Customers around the world know that “American-grown” means top quality, so it’s no surprise the U.S. exports more agricultural products than we bring in. For more than 50 years, our industry has carried a trade surplus because our farmers and ranchers grow and produce the best food, fuel and fiber in the world. Not only that, our success lifts the whole economy as ag exports support more than 1 million U.S. jobs. We have a lot to be proud of, and a lot more to accomplish, when it comes to trade.
We also need to bring stability back to our trading relationship with our nearest neighbors by working with Congress and the administration to ratify the U.S.-Mexico-Canada Agreement as quickly as possible. America’s farmers and ranchers have experienced tremendous gains from the North American Free Trade Agreement, and we’re ready to build on those with the new USMCA. Deals like this are good for agriculture and our whole economy. According to Office of the U.S. Trade Representative, the U.S. enjoyed a trade surplus of $12 billion in countries where we had a trade agreement in 2015, but we only had agreements in force with 20 countries. And that remains the case today. We need to keep moving forward by expanding our market access, before we get left behind as other countries form agreements without us.
Unfortunately, it hasn’t been all good news with trade over the last year. Farmers have gotten caught in the crossfire of a year-long trade war with China. If we’re honest, however, we know a trade war has been going on much longer there. The U.S. trade deficit with China was $375 billion in 2017 alone—that number doesn’t include money lost from China’s unfair business practices. We all know a fair deal when we see one, and you can’t call that kind of an imbalance fair. No doubt, farmers and ranchers are hurting from lost markets as tariffs have escalated back-and-forth, but we are hopeful that the administration’s tough stance will yield long-term rewards for our country’s economy, including rural communities that have suffered from economic hardship.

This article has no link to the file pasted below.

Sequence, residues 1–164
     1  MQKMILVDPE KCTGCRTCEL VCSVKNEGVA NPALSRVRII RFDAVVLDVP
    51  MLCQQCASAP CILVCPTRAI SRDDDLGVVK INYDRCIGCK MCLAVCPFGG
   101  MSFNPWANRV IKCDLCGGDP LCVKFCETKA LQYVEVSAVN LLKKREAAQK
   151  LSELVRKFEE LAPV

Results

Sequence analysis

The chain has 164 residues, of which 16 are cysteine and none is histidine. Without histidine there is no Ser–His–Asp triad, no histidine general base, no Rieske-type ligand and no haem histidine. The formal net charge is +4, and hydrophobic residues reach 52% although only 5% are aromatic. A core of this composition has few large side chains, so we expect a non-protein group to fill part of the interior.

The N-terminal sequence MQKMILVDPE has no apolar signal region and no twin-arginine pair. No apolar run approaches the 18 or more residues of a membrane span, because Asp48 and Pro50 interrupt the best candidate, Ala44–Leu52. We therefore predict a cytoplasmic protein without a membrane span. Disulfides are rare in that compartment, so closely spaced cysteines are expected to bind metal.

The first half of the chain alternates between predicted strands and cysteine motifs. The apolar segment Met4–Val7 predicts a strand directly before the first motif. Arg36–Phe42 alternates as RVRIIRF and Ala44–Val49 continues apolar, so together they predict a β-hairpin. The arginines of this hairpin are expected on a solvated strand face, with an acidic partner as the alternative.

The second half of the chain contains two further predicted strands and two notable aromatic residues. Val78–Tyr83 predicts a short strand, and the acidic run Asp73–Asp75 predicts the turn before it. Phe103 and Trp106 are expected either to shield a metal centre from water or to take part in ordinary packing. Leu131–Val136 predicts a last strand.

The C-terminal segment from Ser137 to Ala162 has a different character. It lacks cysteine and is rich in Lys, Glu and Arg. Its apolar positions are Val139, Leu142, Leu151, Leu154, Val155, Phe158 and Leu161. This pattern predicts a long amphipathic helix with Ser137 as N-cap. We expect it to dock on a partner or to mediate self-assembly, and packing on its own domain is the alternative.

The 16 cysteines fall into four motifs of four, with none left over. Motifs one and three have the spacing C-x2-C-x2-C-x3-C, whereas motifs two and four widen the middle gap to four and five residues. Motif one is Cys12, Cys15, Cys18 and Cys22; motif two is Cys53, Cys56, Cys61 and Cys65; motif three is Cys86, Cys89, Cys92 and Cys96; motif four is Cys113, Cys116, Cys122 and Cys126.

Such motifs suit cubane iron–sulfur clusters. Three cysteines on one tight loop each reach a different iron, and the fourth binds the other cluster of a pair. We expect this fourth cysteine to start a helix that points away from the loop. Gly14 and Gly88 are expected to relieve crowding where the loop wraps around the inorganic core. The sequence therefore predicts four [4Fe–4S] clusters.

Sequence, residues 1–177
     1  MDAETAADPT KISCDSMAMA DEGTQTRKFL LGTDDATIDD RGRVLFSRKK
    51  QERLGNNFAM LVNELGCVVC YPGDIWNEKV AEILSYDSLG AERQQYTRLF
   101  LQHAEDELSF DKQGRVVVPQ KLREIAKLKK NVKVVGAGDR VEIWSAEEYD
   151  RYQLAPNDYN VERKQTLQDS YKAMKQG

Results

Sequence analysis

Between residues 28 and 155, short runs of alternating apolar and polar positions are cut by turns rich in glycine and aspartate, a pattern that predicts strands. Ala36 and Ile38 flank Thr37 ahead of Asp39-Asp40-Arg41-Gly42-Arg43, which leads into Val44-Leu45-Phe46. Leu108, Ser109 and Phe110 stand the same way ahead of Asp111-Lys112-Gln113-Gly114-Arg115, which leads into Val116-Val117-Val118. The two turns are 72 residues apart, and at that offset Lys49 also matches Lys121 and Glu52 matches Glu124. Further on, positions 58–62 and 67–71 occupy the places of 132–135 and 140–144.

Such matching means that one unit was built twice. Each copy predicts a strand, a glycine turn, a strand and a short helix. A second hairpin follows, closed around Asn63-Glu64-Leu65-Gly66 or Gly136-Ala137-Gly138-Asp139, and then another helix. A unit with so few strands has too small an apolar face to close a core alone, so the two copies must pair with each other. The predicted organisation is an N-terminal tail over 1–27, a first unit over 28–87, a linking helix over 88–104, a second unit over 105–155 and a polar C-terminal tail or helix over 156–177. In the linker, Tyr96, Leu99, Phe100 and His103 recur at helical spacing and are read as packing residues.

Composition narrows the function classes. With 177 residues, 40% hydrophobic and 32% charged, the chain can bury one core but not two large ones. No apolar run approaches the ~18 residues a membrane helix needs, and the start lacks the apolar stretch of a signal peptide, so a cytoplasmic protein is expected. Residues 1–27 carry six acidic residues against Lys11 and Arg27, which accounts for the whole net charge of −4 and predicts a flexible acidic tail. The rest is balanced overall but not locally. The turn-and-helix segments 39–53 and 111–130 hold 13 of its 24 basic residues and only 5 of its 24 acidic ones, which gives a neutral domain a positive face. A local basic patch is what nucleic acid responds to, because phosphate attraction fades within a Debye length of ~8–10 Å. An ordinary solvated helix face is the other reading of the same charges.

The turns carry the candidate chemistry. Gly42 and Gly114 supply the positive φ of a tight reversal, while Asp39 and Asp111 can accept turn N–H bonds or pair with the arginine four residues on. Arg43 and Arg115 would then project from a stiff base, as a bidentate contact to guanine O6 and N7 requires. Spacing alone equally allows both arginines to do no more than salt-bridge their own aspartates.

This spring we are beginning to see a ray of hope as talks continue with China. This has been a long road, and I know we’re all eager to see the situation resolved. From positive reports in recent days, it seems we are getting closer. We have been encouraged by the announcement of more purchases of U.S. ag products by China, as well as by the President’s decision to delay indefinitely another tariff increase on Chinese imports that had been planned for this month. If we’re going to keep agricultural trade successful, we must hold our trading partners accountable and move forward with new deals—and that’s just what the administration is doing.
With the Comprehensive and Progressive Agreement for the Trans Pacific Partnership already ratified by Australia, Canada, Japan, Mexico, New Zealand and Singapore, USTR’s upcoming trade talks with Japan could not come soon enough. The Pacific market is an amazing growth opportunity for U.S. agriculture with Japan already a top five market for our ag exports. We cannot afford missing out here. The American Farm Bureau estimated that the original TPP would have increased net farm income by $4.4 billion and would have added more than 40, 000 jobs to our economy had we joined the agreement. It’s time to get a trade deal with Japan that will reduce tariff and non-tariff barriers and improve science-based sanitary measures to bring our farmers greater access to this booming market.
We are also eager for USTR’s planned talks with the EU and UK to break down agricultural barriers and bring balance to trade across the Atlantic. For too long, the European Union has set unfair, non-scientific barriers on our farm products – resulting in a negative trade balance of $70 billion over the last decade. This is unacceptable treatment of American farmers and ranchers who abide by the highest safety and quality standards in the world. Farm Bureau is grateful that the administration is once again sticking by farmers and ranchers: They have made it clear that there will be no deal without including agriculture.
There’s no question 2018 was a tough year for many of us in farm country, and part of the reason for that is the turbulence on the trade front. But we can come out on the other side stronger than ever, and I believe we will. In fact, President Trump personally has assured us of that. American farmers and ranchers will continue to be leaders in every market where we have fair access to customers. Let’s keep up the good work of planting seeds for ag trade by making our voices heard with Congress and the administration. We are already seeing good results, and a harvest of new and growing markets will come if we don’t give up hope.
Vincent “Zippy” Duvall, a poultry, cattle and hay producer from Greene County, Georgia, is the 12th president of the American Farm Bureau Federation.